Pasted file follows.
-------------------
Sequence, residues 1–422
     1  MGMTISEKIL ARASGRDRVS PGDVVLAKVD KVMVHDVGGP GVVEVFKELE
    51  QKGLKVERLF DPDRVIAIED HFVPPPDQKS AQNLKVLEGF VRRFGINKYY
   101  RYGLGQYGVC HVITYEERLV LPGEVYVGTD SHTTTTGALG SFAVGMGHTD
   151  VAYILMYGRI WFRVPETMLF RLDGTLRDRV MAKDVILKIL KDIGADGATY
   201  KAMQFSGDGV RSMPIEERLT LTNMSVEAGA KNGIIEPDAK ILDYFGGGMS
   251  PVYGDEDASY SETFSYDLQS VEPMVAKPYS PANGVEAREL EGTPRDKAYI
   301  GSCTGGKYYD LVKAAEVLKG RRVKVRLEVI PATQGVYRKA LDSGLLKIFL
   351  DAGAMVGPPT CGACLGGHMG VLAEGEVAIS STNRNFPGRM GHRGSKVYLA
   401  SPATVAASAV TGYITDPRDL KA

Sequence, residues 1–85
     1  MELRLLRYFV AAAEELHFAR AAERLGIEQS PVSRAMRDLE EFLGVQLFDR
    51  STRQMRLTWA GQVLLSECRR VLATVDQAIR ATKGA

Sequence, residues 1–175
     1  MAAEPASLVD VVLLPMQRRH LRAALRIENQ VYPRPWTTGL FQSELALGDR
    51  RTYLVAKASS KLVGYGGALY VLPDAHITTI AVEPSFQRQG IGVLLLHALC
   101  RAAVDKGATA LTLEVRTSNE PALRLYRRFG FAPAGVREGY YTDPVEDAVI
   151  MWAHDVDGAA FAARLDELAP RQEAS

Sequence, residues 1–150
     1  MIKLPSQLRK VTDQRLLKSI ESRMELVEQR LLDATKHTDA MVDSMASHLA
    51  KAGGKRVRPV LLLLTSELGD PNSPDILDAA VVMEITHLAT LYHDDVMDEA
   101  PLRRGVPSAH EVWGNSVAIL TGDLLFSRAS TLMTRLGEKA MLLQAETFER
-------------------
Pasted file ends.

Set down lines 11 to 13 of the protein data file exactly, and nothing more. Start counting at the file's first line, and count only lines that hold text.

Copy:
Sequence, residues 1–85
     1  MELRLLRYFV AAAEELHFAR AAERLGIEQS PVSRAMRDLE EFLGVQLFDR
    51  STRQMRLTWA GQVLLSECRR VLATVDQAIR ATKGA